How the ‘Black Mirror’ Netflix Lawsuit Connects Directly to Viewers

Lawsuits involving entertainment studios run the gamut from inappropriate behavior behind the scenes, to consumer rights, to questions about stolen ideas or images.

These cases don’t always make it to court, but when they pinpoint well-known companies as the offenders, people tend to pay attention. Netflix is at the center of one suit about Black Mirror and its clever Bandersnatch creation.

Netflix 'Black Mirror: Bandersnatch' display
Netflix ‘Black Mirror: Bandersnatch’ display | Frazer Harrison/Getty Images for BAFTA LA

Book publisher accuses Netflix of trademark violation

Do you remember when Bandersnatch came out on Netflix and it was promoted as having a “choose your own adventure” vibe? Well, the people behind the Choose Your Own Adventure book series are not ok with that, and a judge just granted permission for their lawsuit to move forward.

In January 2019, Chooseco LLC filed the suit in Vermont federal court accusing Netflix of trademark infringement for Black Mirror: Bandersnatch, according to Forbes.

The company alleged the streamer attempted to make money off of the ‘80s and ‘90s nostalgia connected to the brand and did so without permission.

Chooseco also accused Netflix of diluting consumers’ goodwill by linking Choose Your Own Adventure with the “upsetting” images found in Bandersnatch. By March 2019, Netflix filed a motion to dismiss the case, and in February 2020, Judge William Sessions refused to do so.

Chooseco also alleges that Netflix collected customer data

To further argue its case, Chooseco asserts that Netflix went ahead with Bandersnatch even though licensing discussions ceased between the two parties.

The book company alleges Netflix used the interactive aspect of the Bandersnatch story with ill marketing intentions to “collect behavioral data” from consumers as they chose outcomes.

Further, Chooseco believes Netflix misled viewers with the concept of “choose your own adventure.” Fox News reports that Judge Sessions decided Netflix will have to prove Bandersnatch’s premise is not confusing to its customers:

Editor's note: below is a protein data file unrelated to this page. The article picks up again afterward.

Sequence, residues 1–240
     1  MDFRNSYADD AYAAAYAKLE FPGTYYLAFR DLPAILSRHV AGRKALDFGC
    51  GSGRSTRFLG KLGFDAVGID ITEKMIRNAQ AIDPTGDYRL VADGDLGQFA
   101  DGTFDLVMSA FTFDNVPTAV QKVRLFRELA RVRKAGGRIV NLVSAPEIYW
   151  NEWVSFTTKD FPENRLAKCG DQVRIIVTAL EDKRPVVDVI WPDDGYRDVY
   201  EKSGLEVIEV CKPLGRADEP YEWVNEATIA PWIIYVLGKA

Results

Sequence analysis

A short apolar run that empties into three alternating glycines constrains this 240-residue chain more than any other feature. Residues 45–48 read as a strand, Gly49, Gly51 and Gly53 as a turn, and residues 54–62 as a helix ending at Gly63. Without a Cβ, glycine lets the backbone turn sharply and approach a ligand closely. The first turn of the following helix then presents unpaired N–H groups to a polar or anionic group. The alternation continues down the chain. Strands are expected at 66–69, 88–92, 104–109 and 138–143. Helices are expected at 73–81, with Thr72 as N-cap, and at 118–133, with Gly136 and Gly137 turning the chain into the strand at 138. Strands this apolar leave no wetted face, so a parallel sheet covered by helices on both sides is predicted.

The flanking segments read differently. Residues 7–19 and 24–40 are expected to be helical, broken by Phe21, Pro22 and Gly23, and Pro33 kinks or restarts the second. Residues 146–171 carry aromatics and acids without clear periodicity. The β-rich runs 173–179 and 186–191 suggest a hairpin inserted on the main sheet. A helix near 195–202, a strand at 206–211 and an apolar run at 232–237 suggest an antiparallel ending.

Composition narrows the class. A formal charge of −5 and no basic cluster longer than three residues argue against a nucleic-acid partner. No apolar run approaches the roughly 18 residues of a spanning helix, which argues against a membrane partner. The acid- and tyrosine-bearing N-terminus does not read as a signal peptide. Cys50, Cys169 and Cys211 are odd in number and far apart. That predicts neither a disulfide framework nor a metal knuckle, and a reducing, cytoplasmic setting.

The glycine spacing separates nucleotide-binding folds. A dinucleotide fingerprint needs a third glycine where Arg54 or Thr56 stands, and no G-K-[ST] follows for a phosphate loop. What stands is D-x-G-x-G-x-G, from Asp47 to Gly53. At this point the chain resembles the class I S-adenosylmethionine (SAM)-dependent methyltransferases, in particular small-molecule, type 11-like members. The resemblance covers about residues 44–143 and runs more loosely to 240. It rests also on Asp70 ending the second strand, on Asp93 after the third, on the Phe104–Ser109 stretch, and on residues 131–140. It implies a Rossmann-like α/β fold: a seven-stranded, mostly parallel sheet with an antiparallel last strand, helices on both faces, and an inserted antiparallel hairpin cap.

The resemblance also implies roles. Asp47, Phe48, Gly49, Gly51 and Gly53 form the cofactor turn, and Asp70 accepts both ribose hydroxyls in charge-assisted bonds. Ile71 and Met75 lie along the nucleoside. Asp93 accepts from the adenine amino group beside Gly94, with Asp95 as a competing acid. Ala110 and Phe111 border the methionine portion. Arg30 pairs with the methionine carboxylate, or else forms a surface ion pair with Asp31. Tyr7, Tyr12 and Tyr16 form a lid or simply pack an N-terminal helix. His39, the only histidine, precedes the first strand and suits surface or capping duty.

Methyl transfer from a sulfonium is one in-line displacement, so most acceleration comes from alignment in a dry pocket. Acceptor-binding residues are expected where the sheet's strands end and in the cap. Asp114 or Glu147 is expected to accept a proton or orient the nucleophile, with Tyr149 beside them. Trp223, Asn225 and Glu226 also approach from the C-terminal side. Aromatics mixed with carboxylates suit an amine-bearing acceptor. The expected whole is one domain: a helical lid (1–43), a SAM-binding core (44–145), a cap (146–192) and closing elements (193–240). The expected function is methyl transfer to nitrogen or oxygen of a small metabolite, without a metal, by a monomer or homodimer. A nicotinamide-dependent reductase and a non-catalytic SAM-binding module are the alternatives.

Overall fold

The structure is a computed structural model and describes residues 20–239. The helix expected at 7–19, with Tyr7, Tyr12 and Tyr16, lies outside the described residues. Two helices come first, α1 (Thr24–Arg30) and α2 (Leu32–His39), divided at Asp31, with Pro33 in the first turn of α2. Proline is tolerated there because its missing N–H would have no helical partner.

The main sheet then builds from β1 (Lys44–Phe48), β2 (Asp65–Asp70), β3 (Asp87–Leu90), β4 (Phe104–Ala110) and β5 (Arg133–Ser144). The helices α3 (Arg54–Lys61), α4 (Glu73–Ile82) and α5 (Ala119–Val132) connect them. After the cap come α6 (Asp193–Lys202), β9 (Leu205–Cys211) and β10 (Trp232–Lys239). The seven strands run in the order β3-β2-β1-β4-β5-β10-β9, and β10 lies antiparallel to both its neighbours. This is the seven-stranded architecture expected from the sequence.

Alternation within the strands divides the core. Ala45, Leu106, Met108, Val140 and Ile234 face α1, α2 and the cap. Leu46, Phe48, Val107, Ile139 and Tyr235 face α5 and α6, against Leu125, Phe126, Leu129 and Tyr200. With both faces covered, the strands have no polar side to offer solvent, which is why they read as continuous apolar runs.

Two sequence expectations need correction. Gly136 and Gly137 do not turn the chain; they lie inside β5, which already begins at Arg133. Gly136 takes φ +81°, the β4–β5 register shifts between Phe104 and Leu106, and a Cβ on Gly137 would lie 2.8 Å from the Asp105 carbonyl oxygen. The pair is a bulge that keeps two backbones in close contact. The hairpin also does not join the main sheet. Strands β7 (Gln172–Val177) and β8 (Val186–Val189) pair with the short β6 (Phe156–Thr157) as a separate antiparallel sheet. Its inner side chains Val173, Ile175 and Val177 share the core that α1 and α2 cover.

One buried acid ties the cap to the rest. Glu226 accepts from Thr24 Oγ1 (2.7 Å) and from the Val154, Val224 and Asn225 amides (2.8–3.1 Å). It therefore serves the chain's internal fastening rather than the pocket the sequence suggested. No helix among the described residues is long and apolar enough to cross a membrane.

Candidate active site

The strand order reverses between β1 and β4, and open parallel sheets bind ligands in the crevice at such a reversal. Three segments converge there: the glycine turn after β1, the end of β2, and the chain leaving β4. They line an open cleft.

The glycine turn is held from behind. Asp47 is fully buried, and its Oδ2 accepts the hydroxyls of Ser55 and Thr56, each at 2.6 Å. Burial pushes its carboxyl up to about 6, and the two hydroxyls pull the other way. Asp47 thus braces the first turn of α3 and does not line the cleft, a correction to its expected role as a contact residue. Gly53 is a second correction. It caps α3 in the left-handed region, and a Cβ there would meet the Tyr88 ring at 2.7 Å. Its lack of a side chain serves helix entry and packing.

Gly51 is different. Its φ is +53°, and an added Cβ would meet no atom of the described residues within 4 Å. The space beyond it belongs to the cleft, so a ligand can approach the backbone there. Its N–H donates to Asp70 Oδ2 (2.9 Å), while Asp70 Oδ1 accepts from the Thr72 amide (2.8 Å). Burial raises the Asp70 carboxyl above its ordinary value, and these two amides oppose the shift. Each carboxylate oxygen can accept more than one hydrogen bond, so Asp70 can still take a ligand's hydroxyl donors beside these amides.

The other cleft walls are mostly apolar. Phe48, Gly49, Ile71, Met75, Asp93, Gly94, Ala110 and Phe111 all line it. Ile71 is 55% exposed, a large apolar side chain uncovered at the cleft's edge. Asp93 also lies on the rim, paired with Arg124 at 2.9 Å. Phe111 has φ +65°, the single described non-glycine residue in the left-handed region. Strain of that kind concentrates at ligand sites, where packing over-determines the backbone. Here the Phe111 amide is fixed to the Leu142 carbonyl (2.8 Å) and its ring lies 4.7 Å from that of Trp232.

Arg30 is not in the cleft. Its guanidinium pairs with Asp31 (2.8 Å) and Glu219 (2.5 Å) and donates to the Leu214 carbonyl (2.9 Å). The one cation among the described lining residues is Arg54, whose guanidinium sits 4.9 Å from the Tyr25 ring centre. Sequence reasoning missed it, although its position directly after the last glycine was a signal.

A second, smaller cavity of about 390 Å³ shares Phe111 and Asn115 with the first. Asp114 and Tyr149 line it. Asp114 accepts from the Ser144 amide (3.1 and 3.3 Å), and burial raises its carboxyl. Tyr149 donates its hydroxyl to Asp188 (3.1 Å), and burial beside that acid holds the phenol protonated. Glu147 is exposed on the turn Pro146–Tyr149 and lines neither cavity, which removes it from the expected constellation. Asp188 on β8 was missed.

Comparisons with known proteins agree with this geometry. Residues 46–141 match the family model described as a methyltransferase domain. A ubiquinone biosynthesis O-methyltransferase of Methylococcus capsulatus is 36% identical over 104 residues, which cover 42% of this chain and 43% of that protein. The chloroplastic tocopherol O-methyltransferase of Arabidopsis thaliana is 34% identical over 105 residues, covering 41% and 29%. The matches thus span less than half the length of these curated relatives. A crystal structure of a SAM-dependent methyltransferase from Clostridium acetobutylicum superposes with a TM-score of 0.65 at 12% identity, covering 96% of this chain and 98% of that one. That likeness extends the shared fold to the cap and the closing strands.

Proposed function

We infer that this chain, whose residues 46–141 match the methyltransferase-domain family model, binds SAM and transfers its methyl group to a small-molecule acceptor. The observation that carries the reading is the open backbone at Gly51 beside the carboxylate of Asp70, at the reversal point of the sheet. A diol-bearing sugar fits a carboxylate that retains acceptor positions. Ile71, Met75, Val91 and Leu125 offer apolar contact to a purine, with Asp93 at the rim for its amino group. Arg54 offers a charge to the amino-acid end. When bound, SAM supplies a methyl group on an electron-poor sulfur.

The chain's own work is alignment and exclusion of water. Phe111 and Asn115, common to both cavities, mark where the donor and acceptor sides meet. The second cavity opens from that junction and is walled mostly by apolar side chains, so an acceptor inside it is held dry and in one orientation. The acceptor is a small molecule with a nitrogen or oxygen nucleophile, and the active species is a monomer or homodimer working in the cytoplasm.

“Because the Court finds that Chooseco has met its pleading requirements regarding these issues, Chooseco is entitled to proceed with its unfair competition claim.”

What Netflix has to say

According to The Hollywood Reporter, the streamer filed more paperwork this week to dismiss the case, with one of its claims hinging on “choose your own adventure” as a generic term.

The media giant also admitted it was in talks with Chooseco about licensing, but said it was unrelated to the Bandersnatch project.

Per the outlet, Netflix’s attorney, Seth Berlin, wrote in his argument that the concept in Bandersnatch is original in its particular format:

“Unlike most works in the genre of interactive storytelling, in Bandersnatch, the viewer does not step into the shoes of the protagonist whose fate the viewer purportedly controls. Rather, in Bandersnatch, the viewer controls the main character as an outside force.

When Butler ultimately becomes cognizant that his choices are being controlled, viewers are given the option to tell him he is being manipulated by a person from the future using a computer service called ‘Netflix.”

Currently, Netflix wants Chooseco’s trademark to be canceled and plans to use a First Amendment argument claiming fair use to support its cause. But they will also have to prove that the public wasn’t lured into watching the series by making a connection with the Choose Your Own Adventure books.